To arrive at such a conclusion, we first need to understand the connection between the motor and cognitive centers of the brain. Through neuroimaging and neuroanatomical analysis, Adele Diamond (2000) uncovered “significant evidence” for a number of motor-cognition links in the brain. Prior to such analysis, these abilities were attributed to separate areas of the brain: motor skills were centered in the cerebellum and basal ganglia, and cognition in the prefrontal cortex. But Diamond’s research showed that both could be activated during certain motor or cognitive tasks. Further research also showed that “individuals with brain damage to either the primary motor or primary cognitive areas often show impairment in both skill areas.” (p. 1013)
In fact, Karen Adolph (2005, 2008; Adolph & Berger, 2006) suggested that a complex relationship exists between cognitive and motor skills development in infants. Since infants are learning to process a complex and changing world at the same time that they are learning gross and fine motor skills, they are in a state of constant adaptation. Their bodies are changing simultaneously as the world around them is presenting new information. Thus, their physical existence in the world – and their movement through it – is one that requires constant cognitive problem solving. In short, infants spend the vast majority of their existence, when they are not sleeping, learning how to learn.
Motor Skills as a Predictor
Talk about factors that predict future achievement in reading, math and science most often includes discussions of early math skills, early reading skills, social skills, attention skills, and attention-related measures like curiosity, interest and a desire to learn. Note that none of the aforementioned abilities has a motor physical component.
Yet, from the motor-cognition connection, researchers like David Grissmer, Sophie Aiyer, William Murrah, Kevin Grimm and Joel Steele (2010) have brought the issue of motor skills development to the fore. They went back and analyzed data from six data sets, and found that, indeed, fine motor skills were a strong predictor of later achievement. In fact, they conclude that taken together, “attention, fine motor skills and general knowledge are much stronger overall predictors of later math, reading and science scores than early math and reading scores alone.” (p. 1008)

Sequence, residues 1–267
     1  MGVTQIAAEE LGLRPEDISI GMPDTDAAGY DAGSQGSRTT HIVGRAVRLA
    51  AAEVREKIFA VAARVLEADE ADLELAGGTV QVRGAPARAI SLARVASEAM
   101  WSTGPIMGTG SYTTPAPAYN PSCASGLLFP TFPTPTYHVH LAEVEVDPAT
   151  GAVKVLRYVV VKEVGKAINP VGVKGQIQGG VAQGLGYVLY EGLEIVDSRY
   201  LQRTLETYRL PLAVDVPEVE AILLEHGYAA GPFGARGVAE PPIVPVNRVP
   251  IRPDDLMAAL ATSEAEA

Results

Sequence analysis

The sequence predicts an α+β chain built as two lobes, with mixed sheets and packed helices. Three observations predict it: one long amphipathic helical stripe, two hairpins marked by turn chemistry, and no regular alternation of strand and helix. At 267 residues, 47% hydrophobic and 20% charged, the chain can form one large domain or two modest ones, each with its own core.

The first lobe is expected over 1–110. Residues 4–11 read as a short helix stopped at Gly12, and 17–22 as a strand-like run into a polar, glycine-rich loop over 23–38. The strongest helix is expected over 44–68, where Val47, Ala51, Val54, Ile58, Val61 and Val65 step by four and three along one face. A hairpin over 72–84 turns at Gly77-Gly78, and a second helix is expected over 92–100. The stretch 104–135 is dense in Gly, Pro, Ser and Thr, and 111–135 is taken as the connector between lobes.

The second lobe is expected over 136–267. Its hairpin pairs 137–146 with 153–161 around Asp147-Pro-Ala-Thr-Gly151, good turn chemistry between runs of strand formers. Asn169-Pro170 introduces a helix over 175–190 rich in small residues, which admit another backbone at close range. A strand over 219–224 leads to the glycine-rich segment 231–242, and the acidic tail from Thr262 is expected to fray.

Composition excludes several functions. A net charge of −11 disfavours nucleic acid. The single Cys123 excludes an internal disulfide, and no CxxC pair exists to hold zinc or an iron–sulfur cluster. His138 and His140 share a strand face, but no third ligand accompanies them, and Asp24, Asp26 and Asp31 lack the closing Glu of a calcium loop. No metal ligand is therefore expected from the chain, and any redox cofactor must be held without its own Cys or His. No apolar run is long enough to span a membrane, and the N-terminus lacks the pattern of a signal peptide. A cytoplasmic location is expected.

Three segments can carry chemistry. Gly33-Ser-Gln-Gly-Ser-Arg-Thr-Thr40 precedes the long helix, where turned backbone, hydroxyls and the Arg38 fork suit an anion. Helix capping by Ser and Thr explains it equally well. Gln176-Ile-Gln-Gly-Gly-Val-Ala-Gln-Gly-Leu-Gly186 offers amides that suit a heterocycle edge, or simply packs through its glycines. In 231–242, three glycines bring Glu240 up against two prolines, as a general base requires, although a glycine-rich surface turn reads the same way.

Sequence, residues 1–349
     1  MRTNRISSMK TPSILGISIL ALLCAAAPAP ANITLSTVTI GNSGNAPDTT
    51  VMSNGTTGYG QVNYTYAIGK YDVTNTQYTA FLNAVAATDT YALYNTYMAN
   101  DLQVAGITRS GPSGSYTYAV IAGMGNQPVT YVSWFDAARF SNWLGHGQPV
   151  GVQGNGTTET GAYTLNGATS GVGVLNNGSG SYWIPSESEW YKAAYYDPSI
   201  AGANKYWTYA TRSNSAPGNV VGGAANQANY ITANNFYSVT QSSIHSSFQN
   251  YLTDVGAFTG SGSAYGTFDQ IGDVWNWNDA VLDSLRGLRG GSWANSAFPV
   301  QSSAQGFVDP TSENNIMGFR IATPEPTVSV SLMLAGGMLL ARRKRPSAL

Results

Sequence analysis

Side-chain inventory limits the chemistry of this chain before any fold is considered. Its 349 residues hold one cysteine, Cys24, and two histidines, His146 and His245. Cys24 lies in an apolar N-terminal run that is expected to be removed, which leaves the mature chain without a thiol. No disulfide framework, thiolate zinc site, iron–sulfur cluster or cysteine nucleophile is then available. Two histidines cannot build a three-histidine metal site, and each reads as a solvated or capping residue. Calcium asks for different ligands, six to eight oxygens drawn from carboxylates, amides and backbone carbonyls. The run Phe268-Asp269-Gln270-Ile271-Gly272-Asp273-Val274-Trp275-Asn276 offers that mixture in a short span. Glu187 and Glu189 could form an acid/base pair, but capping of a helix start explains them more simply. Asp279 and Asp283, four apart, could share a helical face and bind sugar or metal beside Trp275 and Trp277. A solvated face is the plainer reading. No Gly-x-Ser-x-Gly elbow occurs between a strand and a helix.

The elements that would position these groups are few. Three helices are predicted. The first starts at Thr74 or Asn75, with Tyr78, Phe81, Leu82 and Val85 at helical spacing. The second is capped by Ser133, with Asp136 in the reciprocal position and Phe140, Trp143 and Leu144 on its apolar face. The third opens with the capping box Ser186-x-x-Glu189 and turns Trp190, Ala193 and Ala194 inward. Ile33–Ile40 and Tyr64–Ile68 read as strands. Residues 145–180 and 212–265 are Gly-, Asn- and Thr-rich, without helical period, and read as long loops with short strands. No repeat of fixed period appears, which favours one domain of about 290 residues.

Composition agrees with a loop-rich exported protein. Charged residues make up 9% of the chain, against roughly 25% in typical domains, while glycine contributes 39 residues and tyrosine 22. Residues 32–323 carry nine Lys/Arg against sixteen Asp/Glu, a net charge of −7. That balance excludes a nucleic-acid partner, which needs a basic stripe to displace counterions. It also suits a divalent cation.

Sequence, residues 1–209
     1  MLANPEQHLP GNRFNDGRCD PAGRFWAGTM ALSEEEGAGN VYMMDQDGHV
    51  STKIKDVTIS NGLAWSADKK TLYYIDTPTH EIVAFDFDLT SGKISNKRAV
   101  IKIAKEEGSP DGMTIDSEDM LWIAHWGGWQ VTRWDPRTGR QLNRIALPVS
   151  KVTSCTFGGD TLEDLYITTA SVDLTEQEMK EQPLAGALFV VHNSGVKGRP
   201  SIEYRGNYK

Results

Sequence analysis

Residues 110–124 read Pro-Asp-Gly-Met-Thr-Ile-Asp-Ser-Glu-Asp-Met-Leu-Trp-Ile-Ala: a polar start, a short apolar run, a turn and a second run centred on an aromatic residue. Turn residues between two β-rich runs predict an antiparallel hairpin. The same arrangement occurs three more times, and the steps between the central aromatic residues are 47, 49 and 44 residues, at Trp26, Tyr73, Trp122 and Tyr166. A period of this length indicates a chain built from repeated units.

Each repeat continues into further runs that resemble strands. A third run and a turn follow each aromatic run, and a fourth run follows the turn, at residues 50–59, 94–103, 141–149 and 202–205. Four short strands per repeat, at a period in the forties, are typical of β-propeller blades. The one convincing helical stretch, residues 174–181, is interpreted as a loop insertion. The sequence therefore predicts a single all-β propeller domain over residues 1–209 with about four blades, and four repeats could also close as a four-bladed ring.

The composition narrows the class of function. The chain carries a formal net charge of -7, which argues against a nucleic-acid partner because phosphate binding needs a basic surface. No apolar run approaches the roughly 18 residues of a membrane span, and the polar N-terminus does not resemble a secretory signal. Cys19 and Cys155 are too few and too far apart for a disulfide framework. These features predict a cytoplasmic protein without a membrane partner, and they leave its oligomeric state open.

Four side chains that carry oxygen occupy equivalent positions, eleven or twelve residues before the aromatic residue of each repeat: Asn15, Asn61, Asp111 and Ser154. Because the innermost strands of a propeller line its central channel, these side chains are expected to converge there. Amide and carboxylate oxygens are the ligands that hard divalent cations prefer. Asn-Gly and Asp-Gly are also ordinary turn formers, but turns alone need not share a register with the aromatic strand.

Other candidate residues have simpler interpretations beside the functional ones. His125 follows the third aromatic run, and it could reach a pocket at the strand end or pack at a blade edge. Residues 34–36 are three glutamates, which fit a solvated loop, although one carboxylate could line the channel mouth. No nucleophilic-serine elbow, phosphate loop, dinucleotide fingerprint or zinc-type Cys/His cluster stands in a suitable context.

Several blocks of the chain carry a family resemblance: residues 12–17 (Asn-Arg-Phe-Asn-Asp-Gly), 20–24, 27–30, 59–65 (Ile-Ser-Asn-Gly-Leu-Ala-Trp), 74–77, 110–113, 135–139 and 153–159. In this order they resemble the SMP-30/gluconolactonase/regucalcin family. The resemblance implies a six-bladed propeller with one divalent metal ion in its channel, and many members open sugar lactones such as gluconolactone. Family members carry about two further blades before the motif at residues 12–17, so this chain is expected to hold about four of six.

Toward Better Interventions
According to this team of researchers (Grissimer, et al, 2010), “There are few interventions directly testing whether strengthening early attention, fine motor skills, or knowledge of the world would improve later math and reading achievement.” That said, some facts are quite clear:
Ultimately, with that understanding in hand, we clearly have a research opportunity to more comprehensively pursue an understanding of these connections. Findings from such research could put us in a position to create more novel, more effective interventions that strategically integrate motor and cognitive skill building, and continue to hone how we help our youngest learners prepare for future success.
For further reading:
Grissmer, D., Grimm, K., Aiyer S., Murrah, W., Steele, J. Fine Motor Skills and Early Comprehension of the World: Two New School Readiness Indicators. Developmental Psychology. 2010. Vol. 46, No. 5. 1008-1017.
Just about everyone has had the experience of going grocery shopping with a small list of purchases in their mind, only to forget one or more of them upon arriving at the store. Similarly, we all have left one room to retrieve something from another room, forgetting what we are after before we have even arrived. The ability to hold information in mind for a few minutes to a few hours is called working memory. It is essential for everything from language learning in children to following a book chapter from beginning to end.
Working memory was first defined by Alan Baddeley and Graham Hitch in 1974. It is a form of memory that may distinguish humans from many other animals (with the exception of several primates). Working memory, commonly referred to as short-term memory, allows a person to hold on to information for a period of time (minutes or perhaps hours) long enough to do something new with the information, like take notes or solve a problem.
A typical situation in which we rely on working memory is watching an informational program on television, like a segment on a news program, and discussing it later with a friend. We may forget about the specific news event later in the week, but for a period of time we “keep it in mind,” thinking about it and perhaps talking about it with others. Each time we share the information with another person or think about it ourselves, we select details that interest us and alter them slightly to keep them interesting to us. Other examples of tasks that require good working memory in adults include taking notes during a lecture or paraphrasing information we hear or read about.